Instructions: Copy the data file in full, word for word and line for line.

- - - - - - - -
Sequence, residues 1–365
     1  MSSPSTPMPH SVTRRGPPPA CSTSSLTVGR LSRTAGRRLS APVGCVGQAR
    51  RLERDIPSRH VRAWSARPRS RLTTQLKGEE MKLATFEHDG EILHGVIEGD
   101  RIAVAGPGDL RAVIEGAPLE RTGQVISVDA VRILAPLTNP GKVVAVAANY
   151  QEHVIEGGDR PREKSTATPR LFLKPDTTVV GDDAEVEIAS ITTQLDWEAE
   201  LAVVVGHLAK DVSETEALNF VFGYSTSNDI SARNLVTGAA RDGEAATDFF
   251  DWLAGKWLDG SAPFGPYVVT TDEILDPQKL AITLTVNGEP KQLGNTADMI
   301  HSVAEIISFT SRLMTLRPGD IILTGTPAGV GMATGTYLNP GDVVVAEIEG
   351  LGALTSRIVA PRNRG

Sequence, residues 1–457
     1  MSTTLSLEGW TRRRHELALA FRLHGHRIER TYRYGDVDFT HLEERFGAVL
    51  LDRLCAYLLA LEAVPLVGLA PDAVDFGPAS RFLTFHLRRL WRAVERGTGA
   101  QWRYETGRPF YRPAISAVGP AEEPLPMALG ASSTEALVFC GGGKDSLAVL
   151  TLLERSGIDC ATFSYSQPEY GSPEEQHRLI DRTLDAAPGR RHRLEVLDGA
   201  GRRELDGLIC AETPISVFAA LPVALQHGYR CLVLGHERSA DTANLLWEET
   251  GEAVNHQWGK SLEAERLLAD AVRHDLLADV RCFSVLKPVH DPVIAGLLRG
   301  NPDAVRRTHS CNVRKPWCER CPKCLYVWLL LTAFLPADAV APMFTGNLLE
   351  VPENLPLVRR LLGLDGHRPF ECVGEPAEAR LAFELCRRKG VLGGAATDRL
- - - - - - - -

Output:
Sequence, residues 1–365
     1  MSSPSTPMPH SVTRRGPPPA CSTSSLTVGR LSRTAGRRLS APVGCVGQAR
    51  RLERDIPSRH VRAWSARPRS RLTTQLKGEE MKLATFEHDG EILHGVIEGD
   101  RIAVAGPGDL RAVIEGAPLE RTGQVISVDA VRILAPLTNP GKVVAVAANY
   151  QEHVIEGGDR PREKSTATPR LFLKPDTTVV GDDAEVEIAS ITTQLDWEAE
   201  LAVVVGHLAK DVSETEALNF VFGYSTSNDI SARNLVTGAA RDGEAATDFF
   251  DWLAGKWLDG SAPFGPYVVT TDEILDPQKL AITLTVNGEP KQLGNTADMI
   301  HSVAEIISFT SRLMTLRPGD IILTGTPAGV GMATGTYLNP GDVVVAEIEG
   351  LGALTSRIVA PRNRG

Sequence, residues 1–457
     1  MSTTLSLEGW TRRRHELALA FRLHGHRIER TYRYGDVDFT HLEERFGAVL
    51  LDRLCAYLLA LEAVPLVGLA PDAVDFGPAS RFLTFHLRRL WRAVERGTGA
   101  QWRYETGRPF YRPAISAVGP AEEPLPMALG ASSTEALVFC GGGKDSLAVL
   151  TLLERSGIDC ATFSYSQPEY GSPEEQHRLI DRTLDAAPGR RHRLEVLDGA
   201  GRRELDGLIC AETPISVFAA LPVALQHGYR CLVLGHERSA DTANLLWEET
   251  GEAVNHQWGK SLEAERLLAD AVRHDLLADV RCFSVLKPVH DPVIAGLLRG
   301  NPDAVRRTHS CNVRKPWCER CPKCLYVWLL LTAFLPADAV APMFTGNLLE
   351  VPENLPLVRR LLGLDGHRPF ECVGEPAEAR LAFELCRRKG VLGGAATDRL